Trump understood the moment as well. He knew it would be a narrow window of opportunity and he seized it. In copying Alinsky's methods, he did exactly what the Left had done to political conservatives and faithful Catholics for decades. He isolated the leftist media, demonized them which they deserved because, as Fr. John Hardon said, they are the Luciferian media. He gave them back exactly what they deserved, and after isolating them he went on to the next Alinsky tactic — he mocked them. He ridiculed them. Again, they are deserving of every bit of it. CNN is now seen, again rightly, as fake news. Trump's street style was exactly what the political conservative movement needed. He's not the guy you want as an enemy if you are up to anything untoward which, let's admit, the Left is always about — one of the ruling elite's own used their methods on them and has brought the Left to its knees. Only in America, right? (Read more.)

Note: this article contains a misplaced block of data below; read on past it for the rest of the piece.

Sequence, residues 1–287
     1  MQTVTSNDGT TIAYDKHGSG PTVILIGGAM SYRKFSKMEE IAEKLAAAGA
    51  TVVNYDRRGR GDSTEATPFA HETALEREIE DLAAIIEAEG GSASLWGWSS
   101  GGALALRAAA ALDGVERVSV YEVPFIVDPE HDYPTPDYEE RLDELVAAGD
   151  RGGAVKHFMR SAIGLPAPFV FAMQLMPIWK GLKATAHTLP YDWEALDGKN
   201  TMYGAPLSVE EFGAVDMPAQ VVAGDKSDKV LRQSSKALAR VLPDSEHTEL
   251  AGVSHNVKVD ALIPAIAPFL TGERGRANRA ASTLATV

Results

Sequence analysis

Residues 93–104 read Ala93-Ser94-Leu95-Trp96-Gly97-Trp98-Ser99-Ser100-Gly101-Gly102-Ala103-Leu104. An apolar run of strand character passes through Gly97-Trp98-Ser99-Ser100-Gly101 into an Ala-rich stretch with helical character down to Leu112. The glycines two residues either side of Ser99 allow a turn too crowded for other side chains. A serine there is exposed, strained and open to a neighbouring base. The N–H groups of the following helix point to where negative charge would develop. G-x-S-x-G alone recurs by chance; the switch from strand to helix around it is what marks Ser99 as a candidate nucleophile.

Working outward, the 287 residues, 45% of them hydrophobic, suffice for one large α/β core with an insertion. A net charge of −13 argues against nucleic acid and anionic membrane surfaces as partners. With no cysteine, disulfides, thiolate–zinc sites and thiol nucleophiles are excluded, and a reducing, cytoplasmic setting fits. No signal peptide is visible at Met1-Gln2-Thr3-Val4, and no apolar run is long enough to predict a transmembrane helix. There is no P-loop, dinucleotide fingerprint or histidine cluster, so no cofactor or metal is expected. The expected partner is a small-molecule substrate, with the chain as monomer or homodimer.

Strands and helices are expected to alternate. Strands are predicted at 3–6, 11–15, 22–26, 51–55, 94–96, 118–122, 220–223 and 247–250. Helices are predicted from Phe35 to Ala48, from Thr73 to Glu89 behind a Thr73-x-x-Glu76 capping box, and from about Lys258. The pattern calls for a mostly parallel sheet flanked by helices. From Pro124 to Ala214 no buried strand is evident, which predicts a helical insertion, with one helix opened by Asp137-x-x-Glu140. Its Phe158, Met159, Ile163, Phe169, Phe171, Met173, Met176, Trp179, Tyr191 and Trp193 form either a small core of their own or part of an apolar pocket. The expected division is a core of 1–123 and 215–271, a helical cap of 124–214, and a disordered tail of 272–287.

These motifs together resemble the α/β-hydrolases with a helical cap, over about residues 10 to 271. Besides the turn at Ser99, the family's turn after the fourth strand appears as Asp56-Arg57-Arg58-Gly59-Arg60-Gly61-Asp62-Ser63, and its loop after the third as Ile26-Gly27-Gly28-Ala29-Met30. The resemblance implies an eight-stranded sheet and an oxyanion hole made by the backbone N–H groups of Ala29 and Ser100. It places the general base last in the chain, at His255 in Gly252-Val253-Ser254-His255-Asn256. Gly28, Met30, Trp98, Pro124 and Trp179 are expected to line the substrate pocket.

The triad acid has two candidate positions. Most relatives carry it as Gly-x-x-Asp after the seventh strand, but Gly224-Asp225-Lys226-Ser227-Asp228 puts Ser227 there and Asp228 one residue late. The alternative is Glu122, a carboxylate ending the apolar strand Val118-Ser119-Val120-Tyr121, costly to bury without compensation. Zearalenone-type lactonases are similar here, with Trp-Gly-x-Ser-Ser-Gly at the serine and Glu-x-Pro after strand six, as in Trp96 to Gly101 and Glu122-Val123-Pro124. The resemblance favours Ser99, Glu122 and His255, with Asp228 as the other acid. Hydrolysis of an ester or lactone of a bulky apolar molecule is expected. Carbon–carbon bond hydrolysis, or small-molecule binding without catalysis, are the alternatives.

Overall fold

The Change of Modern Royal Weddings

From Victoria:
On April 29, 2011, millions of viewers sat in front of their televisions to watch the much-anticipated moment when Prince William and Kate Middleton would say I do. And now, as we anxiously await the marriage of younger brother Prince Harry to American actress Meghan Markle, our televisions and social media will be overflowing with royal causerie. Why is it that we are so enthralled with the royal family and their weddings? To understand how we became enamored with the royals’ private lives, we must go back to where it all started, with Queen Victoria.